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Introduction to Microcoded Implementation of a CPU Architecture

N.S. Matlo January 21, 1997

1 Hardwired Versus Microcoded Implementation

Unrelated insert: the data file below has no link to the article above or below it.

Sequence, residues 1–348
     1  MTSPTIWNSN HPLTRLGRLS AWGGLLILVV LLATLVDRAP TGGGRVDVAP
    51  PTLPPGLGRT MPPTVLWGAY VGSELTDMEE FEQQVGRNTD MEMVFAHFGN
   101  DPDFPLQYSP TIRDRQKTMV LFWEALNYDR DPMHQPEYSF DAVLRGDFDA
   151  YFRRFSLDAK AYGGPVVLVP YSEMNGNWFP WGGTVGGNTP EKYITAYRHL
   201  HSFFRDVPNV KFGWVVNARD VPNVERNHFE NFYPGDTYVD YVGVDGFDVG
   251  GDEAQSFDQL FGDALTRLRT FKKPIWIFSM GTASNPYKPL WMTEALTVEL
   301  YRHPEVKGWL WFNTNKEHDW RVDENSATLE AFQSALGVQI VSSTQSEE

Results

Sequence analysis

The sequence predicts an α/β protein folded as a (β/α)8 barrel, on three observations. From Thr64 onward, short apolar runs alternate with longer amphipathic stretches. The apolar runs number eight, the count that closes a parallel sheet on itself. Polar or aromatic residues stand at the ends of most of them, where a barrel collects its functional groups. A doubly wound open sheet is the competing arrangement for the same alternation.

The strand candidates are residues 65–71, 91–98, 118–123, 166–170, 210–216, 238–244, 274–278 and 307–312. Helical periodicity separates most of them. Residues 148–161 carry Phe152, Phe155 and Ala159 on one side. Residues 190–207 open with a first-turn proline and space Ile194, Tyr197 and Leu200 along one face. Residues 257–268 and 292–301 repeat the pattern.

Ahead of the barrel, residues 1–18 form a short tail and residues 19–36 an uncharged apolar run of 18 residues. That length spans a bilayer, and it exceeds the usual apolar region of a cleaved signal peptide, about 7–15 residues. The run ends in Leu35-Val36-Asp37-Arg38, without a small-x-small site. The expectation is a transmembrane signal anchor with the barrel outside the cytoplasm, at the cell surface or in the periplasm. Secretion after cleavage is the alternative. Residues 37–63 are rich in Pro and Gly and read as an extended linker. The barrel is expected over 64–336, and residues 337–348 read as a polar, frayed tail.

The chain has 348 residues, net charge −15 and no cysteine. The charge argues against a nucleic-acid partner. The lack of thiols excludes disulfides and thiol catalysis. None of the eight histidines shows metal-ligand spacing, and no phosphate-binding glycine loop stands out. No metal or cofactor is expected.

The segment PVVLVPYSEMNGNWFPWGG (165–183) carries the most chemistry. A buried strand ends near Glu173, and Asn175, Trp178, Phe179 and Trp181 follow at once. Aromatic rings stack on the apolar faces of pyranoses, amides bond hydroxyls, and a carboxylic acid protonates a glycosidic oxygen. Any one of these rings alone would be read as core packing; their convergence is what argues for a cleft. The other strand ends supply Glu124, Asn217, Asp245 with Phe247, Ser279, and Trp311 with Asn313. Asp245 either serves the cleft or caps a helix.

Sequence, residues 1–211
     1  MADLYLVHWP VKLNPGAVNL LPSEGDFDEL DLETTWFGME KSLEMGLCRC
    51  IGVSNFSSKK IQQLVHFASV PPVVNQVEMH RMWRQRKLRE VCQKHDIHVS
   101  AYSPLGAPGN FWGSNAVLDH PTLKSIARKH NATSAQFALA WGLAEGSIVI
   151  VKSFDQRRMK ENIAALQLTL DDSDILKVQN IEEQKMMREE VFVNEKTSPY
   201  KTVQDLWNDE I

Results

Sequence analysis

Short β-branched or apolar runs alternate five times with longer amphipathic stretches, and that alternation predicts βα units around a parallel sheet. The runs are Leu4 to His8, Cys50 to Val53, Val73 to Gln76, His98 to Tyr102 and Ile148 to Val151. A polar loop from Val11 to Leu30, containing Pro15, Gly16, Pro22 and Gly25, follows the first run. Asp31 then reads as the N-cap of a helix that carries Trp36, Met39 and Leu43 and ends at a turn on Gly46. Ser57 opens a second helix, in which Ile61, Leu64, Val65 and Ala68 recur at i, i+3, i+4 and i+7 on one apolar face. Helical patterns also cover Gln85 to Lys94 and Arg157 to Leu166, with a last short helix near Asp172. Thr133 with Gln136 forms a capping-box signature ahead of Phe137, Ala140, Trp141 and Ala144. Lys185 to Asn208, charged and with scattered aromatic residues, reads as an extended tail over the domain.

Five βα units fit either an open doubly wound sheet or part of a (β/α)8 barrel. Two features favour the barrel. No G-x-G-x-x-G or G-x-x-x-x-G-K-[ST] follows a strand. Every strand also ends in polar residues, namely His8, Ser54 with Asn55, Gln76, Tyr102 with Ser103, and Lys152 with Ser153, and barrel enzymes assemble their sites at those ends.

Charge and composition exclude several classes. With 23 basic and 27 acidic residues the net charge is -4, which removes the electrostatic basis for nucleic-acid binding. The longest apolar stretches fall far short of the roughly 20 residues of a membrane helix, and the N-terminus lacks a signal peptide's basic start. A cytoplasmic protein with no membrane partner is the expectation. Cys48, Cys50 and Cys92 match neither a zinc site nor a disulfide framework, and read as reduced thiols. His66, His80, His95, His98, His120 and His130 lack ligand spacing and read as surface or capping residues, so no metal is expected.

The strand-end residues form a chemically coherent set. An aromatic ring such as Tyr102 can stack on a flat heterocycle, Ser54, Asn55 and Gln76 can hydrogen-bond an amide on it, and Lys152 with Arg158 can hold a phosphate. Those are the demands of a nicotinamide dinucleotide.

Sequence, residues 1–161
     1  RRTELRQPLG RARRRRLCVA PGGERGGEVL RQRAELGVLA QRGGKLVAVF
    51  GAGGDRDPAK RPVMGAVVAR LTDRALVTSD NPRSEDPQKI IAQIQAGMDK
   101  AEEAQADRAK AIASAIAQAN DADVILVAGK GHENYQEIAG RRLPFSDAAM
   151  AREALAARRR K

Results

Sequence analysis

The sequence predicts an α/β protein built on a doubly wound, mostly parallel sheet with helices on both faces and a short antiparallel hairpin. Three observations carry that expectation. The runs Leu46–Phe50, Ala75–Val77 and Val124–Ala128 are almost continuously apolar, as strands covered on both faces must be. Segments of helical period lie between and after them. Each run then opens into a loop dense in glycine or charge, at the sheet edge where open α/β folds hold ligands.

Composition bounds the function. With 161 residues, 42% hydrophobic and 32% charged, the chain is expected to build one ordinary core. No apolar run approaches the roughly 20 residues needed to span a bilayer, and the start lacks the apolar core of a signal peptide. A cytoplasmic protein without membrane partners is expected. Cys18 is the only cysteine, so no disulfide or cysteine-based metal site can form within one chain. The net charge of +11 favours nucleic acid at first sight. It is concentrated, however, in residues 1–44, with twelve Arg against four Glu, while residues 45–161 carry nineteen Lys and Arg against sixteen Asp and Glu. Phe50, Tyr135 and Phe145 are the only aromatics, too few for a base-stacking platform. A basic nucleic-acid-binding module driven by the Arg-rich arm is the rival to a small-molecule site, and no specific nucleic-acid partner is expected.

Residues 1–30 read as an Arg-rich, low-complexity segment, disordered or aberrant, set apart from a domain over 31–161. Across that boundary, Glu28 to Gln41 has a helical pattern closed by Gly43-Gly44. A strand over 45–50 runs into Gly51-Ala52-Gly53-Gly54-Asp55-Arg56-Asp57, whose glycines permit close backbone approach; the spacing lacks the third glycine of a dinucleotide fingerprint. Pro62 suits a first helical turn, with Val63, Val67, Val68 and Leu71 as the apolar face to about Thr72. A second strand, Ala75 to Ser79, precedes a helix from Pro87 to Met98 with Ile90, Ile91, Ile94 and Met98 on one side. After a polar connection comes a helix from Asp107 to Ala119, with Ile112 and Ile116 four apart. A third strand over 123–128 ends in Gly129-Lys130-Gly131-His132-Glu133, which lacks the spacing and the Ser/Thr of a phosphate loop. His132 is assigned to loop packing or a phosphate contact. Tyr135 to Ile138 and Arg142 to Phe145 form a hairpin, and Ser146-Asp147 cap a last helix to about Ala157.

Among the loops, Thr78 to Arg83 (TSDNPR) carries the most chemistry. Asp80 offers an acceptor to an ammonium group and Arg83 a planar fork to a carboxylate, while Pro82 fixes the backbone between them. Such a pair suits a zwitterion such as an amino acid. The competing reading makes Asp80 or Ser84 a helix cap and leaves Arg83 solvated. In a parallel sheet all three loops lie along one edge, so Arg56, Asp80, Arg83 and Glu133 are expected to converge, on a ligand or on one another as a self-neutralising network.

Strictly speaking, the term architecture for a CPU refers only to \what the assembly language programmer" sees|the instruction set, addressing modes, and register set. For a given target architecture, i.e. the architecture we wish to build, various implementations are possible. We could have many di erent internal designs of the CPU chip, all of which produced the same e ect, namely the same instruction set, addressing modes, etc. The di erent internal designs could then all be produced for the di erent models of that CPU, as in the familiar Intel case. The di erent models would have di erent speed capabilities, and probably di erent prices to the consumer. But the same machine languge program, say a .EXE le in the Intel/DOS case, would run on any CPU in the family. There are two major approaches to developing these internal designs, one being hardwired and the other the microcoded approach. The former is the more \straightforward" one, in the sense that it is a straight digital design (and layout) problem. It is feasible for simple CPUs, as is the case for today's RISC (Reduced Instruction Set Computer) processors. However, for CISC (Complex Instruction Set Computer, such as the Intel family) processors, hardwired design takes so long that a \shortcut" is often used, in the form of microcoded design. In the latter, we rst build a very simple CPU, called the microengine (itself implemented via the hardwired approach), and then write a program to run on it. The function of that program, called the microcode, is to implement the target architecture. In essence, the microcode is a simulator for the target architecture. (Or one can view the microcode as similar to the interpreter code for an interpreted language such as BASIC or Java.) Di erent designs within the same CPU family would have di erent microengines. The microengines could di er in many respects, such as in the number of internal buses (the more the better, since more buses means that more transfers among registers can be done in parallel). Of course, having di erent microengines means having di erent microcode even though the target architecture is the same. Another consideration is the size of the microcode. The microcode is stored in a section of the CPU called the control store (since it is controlling the operation of the target architecture). The faster models in the family may need larger control stores, which produces space problems of various kinds. In a multichip CPU, for instance, large control stores increase the chip count (and thus the manufacturing costs), while for a single-chip CPU, we may have trouble tting the control store into the small area (\real estate") a chip provides. The execution of an instruction in the target architecture occurs via the execution of several instruc1